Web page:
The Heterochromatin Condensation State in Peripheral Ã¢ÂÂGene PoorÃ¢ÂÂ and Central Ã¢ÂÂGene RichÃ¢ÂÂ Nuclear Regions of Less Differentiated and Mature Human Leukemic Cells: A Mini-Review with Additional Original Observations
Institute of Hematology and Blood Transfusion, Prague, Czech Republic
- *Corresponding Author:
- Karel Smetana
Senior scientist Institute of Hematology and Blood Transfusion
U nemocnice 1, 128 20 Prague, Czech Republic
Received date: May 22, 2014; Accepted date: August 28, 2014; Published date: August 30, 2014
Citation: Smetana K (2014) The Heterochromatin Condensation State in Peripheral “Gene Poor” and Central “Gene Rich” Nuclear Regions of Less Differentiated and Mature Human Leukemic Cells: A Mini-Review with Additional Original Observations. J Leuk (Los Angel) 2:151 doi: 10.4172/2329-6917.1000151
Copyright: © 2014 Karel Smenata. This is an open-access article distributed under the terms of the Creative Commons Attribution License, which permits unrestricted use, distribution, and reproduction in any medium, provided the original author and source are credited.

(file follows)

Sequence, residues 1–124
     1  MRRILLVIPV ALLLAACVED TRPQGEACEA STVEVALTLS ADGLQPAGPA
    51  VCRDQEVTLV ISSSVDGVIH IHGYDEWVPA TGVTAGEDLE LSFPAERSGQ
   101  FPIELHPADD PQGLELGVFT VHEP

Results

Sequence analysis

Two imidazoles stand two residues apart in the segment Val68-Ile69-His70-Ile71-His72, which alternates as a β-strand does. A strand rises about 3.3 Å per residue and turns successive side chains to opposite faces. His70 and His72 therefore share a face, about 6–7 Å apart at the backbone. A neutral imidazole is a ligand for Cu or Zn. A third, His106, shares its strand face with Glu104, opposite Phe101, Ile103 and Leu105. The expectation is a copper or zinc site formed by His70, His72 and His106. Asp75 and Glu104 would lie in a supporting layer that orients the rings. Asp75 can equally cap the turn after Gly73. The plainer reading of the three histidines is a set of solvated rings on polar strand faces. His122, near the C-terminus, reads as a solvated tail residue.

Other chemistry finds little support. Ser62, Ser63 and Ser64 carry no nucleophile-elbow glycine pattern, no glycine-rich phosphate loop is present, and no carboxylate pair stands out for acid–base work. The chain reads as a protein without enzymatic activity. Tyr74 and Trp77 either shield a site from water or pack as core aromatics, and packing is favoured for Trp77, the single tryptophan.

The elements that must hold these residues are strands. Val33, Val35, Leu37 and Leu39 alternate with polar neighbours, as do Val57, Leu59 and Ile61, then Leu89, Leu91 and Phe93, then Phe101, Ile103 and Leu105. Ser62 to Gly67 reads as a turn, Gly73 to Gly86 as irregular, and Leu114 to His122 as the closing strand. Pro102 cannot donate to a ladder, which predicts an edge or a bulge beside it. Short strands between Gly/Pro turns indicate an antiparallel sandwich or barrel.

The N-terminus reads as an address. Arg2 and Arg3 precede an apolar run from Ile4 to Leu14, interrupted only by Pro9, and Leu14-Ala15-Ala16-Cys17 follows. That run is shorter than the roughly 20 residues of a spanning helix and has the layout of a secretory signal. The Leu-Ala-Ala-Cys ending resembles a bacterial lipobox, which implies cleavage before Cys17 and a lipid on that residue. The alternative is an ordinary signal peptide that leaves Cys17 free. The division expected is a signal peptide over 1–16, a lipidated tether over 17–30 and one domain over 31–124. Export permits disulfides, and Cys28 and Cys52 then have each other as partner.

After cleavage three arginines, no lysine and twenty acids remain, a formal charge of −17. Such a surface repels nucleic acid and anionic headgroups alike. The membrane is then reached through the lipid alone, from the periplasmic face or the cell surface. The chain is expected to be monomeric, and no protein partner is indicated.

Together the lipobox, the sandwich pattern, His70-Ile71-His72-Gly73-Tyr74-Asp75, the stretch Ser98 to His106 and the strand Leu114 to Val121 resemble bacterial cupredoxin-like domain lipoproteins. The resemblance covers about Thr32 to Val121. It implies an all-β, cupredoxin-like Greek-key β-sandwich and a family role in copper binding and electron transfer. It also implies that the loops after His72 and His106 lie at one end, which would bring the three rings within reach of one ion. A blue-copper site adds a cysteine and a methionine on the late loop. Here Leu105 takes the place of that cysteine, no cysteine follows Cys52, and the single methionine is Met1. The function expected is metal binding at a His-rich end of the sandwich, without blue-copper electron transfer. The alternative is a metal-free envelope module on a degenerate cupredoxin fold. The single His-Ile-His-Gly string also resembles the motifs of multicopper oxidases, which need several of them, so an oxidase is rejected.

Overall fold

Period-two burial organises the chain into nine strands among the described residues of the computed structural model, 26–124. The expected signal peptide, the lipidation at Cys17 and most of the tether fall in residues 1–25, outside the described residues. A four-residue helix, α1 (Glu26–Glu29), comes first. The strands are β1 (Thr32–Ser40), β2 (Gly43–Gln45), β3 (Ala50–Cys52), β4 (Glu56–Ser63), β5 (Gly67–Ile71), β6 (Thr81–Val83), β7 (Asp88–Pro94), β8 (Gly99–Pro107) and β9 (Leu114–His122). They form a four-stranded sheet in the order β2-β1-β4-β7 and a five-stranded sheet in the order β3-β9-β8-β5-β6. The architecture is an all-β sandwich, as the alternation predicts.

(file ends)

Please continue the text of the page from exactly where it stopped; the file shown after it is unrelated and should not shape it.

In the morphological cytology the heterochromatin is one of very useful tools for the cell identification including the differentiation and maturation stage. However, the heterochromatin condensation state was less studied although it appeared to be different in “gene rich” central and “gene poor” peripheral nuclear regions. The heavy heterochromatin condensation state in the central “gene rich” nuclear regions might reflect a marked structural stability and protect the genomic integrity. It must be also noted that the heterochromatin condensation state in these nuclear regions is more variable than in the nuclear periphery because of the presence of more as well as less condensed heterochromatin territories. On the other hand, the heterochromatin condensation state in the nuclear periphery markedly increases during the cell differentiation and maturation. In fully differentiated and mature cells the heavy heterochromatin condensation state is similar in both central and peripheral nuclear regions. The resulting ratio of the heterochromatin condensation state in central nuclear regions to the nuclear periphery is higher in less differentiated cells and then decreases during the maturation (terminal differentiation) process. That ratio facilitates to compare cells in different differentiation or maturation stages of various cell lineages because the estimated arbitrary density units are frequently variable depending on the background of the cell surrounding.